This is my response to an Atlantic article criticizing Bill Maher’s and Sam Harris’s positions on certain aspects of Islam. The article is at http://www.theatlantic.com/international/archive/2014/10/bill-maher-dangerous-critique-of-islam-ben-affleck/381266/
This article is plagued by a great deal of confusion, and in addition contains many half-truths (plus some out right baloney).
Taking Maher and Harris together, it is not so much that they want Americans to “denounce” Islam, as to have a critical discussion of it, hoping to eventually improve the lot of the muslim’s lives. In particular, they do want “liberals” in the west to denounce many of the cruel and rights-violating aspects of Sharia (such as stoning of adulteresses). And they also make a call for humans everywhere to stop believing and acting on words written in “sacred” texts long ago by people who through no fault of their own were ignorant. In his writings, Harris often makes the point that the West, where Christianity still has a significant foothold, the 18th century Enlightenment has today greatly reduced acceptance of the Old Testament’s brutal injunctions.
Then to mention the infamous Ben Affleck appearance on Maher’s show as if it were some rational discussion is absurd. Anyone who watches that show (and it can still be seen on youtube) will be astonished by the idiotic, illogical ranting of Affleck. He in fact make no serious contributions whatsoever, he just rants loudly and offensively as some spoiled child might do. My suspicion is that, were it not for the undue respect Americans accord physically attractive actors, the vast majority of people would be disgusted by his behavior on the show.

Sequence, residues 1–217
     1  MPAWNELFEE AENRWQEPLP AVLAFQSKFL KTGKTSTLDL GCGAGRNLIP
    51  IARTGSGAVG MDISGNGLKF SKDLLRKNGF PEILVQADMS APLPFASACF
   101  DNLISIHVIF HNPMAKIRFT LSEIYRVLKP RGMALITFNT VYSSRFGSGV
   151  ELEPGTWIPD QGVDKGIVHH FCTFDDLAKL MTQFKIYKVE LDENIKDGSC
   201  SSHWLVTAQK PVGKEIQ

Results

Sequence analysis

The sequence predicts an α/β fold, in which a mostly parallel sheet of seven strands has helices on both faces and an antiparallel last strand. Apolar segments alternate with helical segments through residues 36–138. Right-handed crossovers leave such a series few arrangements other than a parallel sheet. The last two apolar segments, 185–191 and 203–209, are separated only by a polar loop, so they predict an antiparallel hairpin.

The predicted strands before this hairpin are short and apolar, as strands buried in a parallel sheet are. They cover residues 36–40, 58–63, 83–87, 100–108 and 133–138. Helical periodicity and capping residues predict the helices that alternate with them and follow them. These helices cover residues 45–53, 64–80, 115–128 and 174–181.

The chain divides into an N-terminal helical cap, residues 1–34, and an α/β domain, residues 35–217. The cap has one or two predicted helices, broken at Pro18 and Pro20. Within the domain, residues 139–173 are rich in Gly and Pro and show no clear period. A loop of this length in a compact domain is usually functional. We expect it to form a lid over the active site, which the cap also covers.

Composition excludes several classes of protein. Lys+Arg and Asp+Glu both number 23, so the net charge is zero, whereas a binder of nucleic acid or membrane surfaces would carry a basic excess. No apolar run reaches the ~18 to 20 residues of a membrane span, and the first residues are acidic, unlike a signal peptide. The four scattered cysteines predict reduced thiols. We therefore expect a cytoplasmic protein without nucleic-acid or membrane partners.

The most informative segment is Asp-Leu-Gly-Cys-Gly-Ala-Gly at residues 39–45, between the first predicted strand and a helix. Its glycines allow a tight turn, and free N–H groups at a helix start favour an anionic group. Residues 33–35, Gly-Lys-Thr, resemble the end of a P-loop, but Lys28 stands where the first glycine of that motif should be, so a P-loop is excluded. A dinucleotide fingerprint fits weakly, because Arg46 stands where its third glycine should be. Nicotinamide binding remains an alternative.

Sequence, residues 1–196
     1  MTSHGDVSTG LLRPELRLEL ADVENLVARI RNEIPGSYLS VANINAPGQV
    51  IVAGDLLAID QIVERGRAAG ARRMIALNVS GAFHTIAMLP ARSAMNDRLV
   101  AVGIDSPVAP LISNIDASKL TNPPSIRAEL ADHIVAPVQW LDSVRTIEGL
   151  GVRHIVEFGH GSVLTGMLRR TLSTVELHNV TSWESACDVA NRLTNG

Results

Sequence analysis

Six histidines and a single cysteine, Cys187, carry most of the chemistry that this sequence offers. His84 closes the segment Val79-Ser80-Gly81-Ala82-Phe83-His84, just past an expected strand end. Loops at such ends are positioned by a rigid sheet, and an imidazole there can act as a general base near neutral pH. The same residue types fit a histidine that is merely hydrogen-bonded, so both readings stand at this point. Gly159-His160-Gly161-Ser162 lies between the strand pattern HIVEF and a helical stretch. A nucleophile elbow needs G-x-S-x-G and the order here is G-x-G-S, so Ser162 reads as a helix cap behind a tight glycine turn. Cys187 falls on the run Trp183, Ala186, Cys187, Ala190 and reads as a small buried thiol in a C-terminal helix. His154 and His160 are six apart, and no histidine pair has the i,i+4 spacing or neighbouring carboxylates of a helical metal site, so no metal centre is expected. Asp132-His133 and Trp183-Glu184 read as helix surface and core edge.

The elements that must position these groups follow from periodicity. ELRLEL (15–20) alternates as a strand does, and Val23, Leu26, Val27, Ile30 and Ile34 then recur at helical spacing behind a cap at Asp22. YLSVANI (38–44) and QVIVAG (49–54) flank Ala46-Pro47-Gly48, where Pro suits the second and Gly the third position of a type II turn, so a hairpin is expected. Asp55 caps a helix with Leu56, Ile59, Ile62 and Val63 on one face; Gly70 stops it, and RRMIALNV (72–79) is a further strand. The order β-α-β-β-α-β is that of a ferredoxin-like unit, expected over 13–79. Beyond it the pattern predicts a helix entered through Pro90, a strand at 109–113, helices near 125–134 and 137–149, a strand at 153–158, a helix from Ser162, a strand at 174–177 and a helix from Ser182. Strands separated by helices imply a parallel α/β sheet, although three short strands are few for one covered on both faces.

The article uncritically bandies about the terms “democracy” and “Islamophobia”. Americans today, on both the left and the right, are largely ignorant regarding the distinction between a “democracy” and a “republic”. In the US, we have the latter. A strict version of the former would lead to a “tyranny of the majority”. “Islamophobia” is a bogus term that should be dropped from any discussion of Islam, because implies that those who criticize Islam are somehow “afraid” of it, or are actually bigoted against muslims, whereas usually the criticism is motivated by a desire to actually improve the lives of muslims living under theocracies that still implement Sharia. As the article actually points out in one place, Schlesinger’s term “doughfaces” could be applied to many on the American left who are quick to ridicule and reject any thing that hints of a negative attitude toward Islam, much as they did in the 19th century on the subject of balck slavery in the American south.
To say “After all, other Muslim-majority countries have elected female heads of state”, as if this shows that women’s rights are not being violated in many Islamic countries is disingenuous. Surely the author knows that women politicians can be involved in laws that violate otehr women’s rights just as much as men politicians can.
Another dubious thread in this essay is that, whereas one is justified in vilifying certain implementations of communism, one cannot condemn the concept itself. I take issue with that. Surely anyone who has the slightest insight into human nature can see that joint ownership of all property is a sure road to disaster. Mr. Orwell has presented convincing fictional visions of this in Animal Farm and in 1984. Of course, in a free market, free society, people who want to live in a communal way can always do so in small voluntary enclaves.